Educating for rural nursing practice Academic Article uri icon


  • BACKGROUND:Rural hospitals in Australia, as in many countries, face challenges in ensuring that appropriate, quality services are provided. AIMS:The overall aim of this study was to explore the issues that impact on the ability of rural hospitals to provide effective health care. METHODS:We used a qualitative descriptive method and purposive sampling, and conducted interviews in hospitals in rural Victoria, Australia. The data collected enabled major issues that impact on hospital service delivery to be identified. Using thematic analysis, global themes were extracted and organized around a thematic network. FINDINGS:The workforce was an important theme. Whilst the impact of medical shortages on hospital function has been considered in other studies, little consideration has been given to the rural nursing workforce. The need to maintain an appropriately educated rural nursing workforce emerged as one of the major issues that impact on rural hospital service delivery. In Australia, there has been a great deal of discussion about the educational preparation required for rural nursing practice, with the emphasis on postgraduate study. However, the majority of rural nurses do not have postgraduate qualifications and face significant barriers in obtaining them. Although the vast majority of literature claims that postgraduate preparation is vital for rural nursing practice, this research suggests that the future rural nursing workforce will be recruited from undergraduate courses in regional universities. However, there is a need to include specific theoretical and operational preparation in undergraduate education, to enable nurses to make the transition to rural practice more readily. CONCLUSIONS:Rural nurses are central to the delivery of health services in rural hospitals. Future rural nursing recruitment and retention hinges on ensuring that they have the confidence, knowledge and skills to deliver safe, appropriate and effective care.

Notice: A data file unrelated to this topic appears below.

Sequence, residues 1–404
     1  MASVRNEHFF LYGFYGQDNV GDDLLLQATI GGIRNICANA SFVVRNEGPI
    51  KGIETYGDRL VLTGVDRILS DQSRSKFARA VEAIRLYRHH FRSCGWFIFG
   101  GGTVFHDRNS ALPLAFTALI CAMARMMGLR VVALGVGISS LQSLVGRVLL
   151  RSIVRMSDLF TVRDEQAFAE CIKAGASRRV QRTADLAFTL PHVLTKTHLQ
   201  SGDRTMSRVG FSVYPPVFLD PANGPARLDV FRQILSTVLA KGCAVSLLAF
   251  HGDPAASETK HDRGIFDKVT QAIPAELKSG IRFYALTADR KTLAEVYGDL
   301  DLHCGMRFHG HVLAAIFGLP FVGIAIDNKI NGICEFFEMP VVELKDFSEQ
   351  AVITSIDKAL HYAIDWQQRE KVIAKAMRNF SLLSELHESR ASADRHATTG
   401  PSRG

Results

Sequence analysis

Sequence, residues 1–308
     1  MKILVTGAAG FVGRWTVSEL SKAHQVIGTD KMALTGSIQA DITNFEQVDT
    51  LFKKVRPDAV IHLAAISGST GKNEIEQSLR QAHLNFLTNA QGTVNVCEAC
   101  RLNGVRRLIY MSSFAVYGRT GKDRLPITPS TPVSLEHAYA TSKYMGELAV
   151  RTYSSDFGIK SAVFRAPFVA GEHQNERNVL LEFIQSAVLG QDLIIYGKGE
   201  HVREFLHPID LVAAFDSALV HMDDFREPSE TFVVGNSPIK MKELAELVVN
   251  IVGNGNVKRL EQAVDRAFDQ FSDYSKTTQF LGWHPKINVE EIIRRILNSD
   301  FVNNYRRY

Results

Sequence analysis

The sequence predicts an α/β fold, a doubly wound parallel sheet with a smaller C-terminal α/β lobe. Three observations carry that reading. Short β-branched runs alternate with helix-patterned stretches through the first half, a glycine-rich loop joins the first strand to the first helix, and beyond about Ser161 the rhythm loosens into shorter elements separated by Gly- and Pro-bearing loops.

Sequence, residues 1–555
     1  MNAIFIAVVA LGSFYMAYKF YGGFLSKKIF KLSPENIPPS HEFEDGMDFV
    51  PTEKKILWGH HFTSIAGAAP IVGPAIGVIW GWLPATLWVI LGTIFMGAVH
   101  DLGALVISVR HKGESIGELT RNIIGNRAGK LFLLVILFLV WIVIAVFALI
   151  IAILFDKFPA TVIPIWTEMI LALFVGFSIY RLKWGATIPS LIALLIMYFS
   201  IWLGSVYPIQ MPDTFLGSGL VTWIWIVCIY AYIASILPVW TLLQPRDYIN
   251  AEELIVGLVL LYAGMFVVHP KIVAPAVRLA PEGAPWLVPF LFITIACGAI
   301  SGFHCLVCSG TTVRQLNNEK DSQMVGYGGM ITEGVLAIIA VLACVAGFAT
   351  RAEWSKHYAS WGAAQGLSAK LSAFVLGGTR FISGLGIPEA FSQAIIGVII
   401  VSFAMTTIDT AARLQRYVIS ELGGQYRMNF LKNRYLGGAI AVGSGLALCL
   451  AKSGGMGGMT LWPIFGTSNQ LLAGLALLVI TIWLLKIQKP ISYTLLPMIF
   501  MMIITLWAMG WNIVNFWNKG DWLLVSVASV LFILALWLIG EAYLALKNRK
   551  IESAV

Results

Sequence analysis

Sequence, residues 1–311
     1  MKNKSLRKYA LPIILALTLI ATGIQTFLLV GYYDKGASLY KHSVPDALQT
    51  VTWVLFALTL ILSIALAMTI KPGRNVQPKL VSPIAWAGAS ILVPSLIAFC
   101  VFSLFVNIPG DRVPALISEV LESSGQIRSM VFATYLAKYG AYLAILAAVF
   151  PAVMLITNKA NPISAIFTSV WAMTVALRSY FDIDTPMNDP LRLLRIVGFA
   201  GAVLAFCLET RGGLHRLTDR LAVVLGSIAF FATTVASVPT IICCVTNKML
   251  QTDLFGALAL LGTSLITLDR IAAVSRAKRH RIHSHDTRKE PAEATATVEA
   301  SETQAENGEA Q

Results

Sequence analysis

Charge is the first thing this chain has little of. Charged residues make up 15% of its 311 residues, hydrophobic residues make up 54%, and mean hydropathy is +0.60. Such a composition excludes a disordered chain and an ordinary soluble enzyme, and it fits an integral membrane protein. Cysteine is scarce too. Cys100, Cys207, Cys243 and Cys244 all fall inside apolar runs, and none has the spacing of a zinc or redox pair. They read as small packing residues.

publication date

  • December 2003